Carbon, inequality and science fiction |  For your information

Carbon, inequality and science fiction | For your information

The topic of inequality comes into play in discussions about the environment. In the wake of the recent IPCC report, many publications show that the climate and inequality crises are “intertwined, integrated and feed into each other”, as we read for example in the recent Oxfam report, Climate equality, planet 99%. On the sidelines of the recent World Economic Forum in Davos, the association also condemned “outrageous levels of inequality.”

The argument is as simple as the numbers are staggering. The most disadvantaged countries and populations are the most vulnerable to climate change, bear little responsibility for it, and yet are the least able to respond. On the other hand, favored states and populations are the most responsible, but least affected by its consequences, and most able to develop solutions when they do not benefit from them.

there World Inequality DatabaseIt is a database supported by a network of economists and curated by Thomas Piketty, Lucas Chancel, Gabriel Zucman, etc., which translates this observation into numbers. The poorest half of the world's population owns 2% of the total wealth and receives only 8.5% of global income, while 40% of the middle class owns 22% of the wealth and receives 39.5% of the income, while the bottom 10% has 76% of the wealth and 52% of the world's population. %. Of income. The relationship with greenhouse gas emissions is stark: the poorest half is responsible for 12% of emissions (an average of 1.6 tons per person) compared to 40% for the middle 4% and 48% for the richest 10%. Of these, the top 1% of the population emit 17%, or 110 tons on average per person. And we are far from equitably distributing this new and increasingly scarce wealth: the remaining carbon budget to maintain a habitable Earth.

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And even more shocking: “Over the past 40 years, countries have become significantly richer, but states have become significantly poorer. The share of wealth held by public entities is close to zero or negative in rich countries, which means that all the wealth is in the hands of public entities.” Private. » Oxfam estimated that the world could have its first trillionaire ($1,000 billion) within a decade! France’s GDP in 2023 reached about 3,000 billion…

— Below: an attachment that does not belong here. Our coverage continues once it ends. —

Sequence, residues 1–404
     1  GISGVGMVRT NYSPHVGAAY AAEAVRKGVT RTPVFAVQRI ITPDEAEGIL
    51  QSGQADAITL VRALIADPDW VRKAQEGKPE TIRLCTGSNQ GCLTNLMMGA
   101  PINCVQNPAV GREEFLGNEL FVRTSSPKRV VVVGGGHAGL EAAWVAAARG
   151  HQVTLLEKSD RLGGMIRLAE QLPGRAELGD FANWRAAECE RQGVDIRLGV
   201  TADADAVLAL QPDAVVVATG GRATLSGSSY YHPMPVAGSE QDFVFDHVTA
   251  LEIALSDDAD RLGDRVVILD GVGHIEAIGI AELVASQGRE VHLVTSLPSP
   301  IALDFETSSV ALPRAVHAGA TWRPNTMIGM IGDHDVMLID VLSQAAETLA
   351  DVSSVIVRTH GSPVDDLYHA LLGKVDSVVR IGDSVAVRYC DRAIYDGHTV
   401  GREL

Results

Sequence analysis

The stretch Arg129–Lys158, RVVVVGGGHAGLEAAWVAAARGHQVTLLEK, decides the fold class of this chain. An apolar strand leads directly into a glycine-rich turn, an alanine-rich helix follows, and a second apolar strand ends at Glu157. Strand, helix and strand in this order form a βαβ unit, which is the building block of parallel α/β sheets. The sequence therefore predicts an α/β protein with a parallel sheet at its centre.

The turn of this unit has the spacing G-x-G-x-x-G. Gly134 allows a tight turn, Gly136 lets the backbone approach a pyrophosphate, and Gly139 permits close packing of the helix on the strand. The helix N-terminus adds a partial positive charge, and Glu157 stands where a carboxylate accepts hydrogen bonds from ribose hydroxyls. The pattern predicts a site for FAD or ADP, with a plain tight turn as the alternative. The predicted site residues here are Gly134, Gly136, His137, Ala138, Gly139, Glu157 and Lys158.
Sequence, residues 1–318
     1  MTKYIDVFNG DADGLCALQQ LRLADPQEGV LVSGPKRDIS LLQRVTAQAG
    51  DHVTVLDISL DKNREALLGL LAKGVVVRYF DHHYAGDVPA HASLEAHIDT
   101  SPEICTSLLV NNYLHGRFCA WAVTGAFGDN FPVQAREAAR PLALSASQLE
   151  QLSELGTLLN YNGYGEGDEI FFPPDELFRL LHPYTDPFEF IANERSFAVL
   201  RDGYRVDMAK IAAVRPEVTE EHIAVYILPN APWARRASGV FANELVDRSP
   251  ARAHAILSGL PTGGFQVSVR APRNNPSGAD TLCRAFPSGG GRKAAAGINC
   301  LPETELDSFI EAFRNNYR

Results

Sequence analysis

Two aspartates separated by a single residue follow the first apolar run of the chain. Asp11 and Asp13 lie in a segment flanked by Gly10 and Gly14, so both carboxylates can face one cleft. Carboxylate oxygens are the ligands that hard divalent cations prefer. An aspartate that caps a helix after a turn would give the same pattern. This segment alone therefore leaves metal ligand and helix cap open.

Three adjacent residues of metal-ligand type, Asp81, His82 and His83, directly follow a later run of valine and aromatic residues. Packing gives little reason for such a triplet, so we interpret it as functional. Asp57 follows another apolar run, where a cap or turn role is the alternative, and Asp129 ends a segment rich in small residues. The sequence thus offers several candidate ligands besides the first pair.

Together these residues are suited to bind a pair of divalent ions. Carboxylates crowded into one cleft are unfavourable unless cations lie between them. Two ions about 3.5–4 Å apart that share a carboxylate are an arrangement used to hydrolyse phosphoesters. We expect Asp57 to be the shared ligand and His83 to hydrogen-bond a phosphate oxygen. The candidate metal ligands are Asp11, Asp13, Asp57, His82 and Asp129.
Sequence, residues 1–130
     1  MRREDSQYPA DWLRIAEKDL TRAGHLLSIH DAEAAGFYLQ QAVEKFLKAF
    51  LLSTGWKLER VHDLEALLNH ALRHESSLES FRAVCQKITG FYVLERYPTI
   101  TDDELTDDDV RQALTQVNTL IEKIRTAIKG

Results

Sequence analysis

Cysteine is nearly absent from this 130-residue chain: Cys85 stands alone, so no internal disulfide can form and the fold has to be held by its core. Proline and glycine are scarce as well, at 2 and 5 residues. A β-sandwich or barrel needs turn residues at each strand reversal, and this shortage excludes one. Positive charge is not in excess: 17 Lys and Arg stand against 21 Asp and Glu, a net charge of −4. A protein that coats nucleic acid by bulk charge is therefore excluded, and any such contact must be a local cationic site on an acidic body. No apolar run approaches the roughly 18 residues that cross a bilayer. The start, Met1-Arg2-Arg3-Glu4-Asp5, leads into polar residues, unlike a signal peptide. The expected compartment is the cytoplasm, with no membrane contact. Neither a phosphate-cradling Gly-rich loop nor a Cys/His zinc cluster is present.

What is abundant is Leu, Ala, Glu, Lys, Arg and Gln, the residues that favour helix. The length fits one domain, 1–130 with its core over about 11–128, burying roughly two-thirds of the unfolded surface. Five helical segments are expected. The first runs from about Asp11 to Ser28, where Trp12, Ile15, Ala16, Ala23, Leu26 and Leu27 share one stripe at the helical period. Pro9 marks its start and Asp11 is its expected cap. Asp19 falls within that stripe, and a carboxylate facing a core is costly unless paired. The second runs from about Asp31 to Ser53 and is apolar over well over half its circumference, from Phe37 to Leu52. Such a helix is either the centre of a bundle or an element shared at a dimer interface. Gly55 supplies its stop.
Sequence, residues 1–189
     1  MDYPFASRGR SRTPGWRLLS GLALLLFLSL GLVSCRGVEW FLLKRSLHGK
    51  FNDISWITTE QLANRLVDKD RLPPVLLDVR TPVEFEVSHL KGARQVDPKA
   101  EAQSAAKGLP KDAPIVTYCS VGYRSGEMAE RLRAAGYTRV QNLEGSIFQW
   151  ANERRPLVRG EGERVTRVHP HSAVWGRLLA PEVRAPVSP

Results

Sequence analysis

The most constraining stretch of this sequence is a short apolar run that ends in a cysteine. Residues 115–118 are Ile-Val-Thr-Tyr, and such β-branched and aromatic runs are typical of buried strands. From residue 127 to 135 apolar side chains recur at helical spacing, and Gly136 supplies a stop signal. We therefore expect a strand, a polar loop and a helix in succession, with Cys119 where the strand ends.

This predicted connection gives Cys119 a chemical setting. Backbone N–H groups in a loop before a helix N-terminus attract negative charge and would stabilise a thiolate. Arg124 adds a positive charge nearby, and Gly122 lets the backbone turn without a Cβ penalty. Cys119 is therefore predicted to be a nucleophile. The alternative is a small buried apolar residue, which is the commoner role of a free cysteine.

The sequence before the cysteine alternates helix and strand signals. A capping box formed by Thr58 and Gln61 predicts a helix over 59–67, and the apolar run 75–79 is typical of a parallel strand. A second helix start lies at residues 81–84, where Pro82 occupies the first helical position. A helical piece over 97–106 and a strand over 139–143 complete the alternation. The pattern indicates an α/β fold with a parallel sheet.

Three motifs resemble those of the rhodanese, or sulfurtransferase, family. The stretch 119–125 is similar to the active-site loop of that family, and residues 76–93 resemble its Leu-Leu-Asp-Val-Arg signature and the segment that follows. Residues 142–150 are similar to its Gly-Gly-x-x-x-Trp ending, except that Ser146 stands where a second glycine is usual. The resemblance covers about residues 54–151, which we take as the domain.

This work by economists confirms that inequality is not inevitable, but rather a political choice. They agree with the thesis Bruno Latour On the separation of the elites who have realized since the 1980s that the planet will not support the continuation of globalization, and that there will be no future life on Earth for everyone. According to the historian of science, this explains “what in the 1980s was called ‘deregulation’ and ‘dismantling the welfare state’; and from the 2000s, “climate denial”; Above all, over forty years, inequality has widened astonishingly; All of this contributes to the same phenomenon.

We better understand Elon Musk's comet plans to send rich people to Mars, and we'll remind him of the final scene of Don't look up, in which a barely awake Meryl Streep is eaten by Bronteroc on the fertile planet B. The most “realistic” are those who prefer the Hawaiian Islands where, for example, Mark Zuckerberg built a bunker. Other Silicon Valley entrepreneurs, according to Bloomberg, consider New Zealand safer. Fort makers are rubbing their hands. One of them determines Californians are even willing to jump on their private planes at the first sign of the end of the world, such as a “French Revolution-style uprising targeting the one percent.” We would be wise to consider global taxes on the super-rich, some of whom are also ardent supporters, before 99% of people think about attacking this new-tech bastille.

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Climate of Inequality – The unequal impacts of climate change in FranceOur work, 2020.

Climate equality, planet 99%November 2023, Oxfam.

World Inequality Report 2022supported by the United Nations Development Programme, Global Inequality Lab.

the. Chancel wee. Show them, The carbon footprint of capital: Evidence from France, Germany, and the United States based on distributional environmental calculations, Inequality Word, December 7, 2023.

B. Latour, “Refugees in Europe,”Era of declineThe First Parallel, 2017.

By Latour, Where do you land?Discovery, 2017.

B. Carville, Silicon Valley's wealthy people have a plan to escape doomsdayBloomberg, September 5, 2018.

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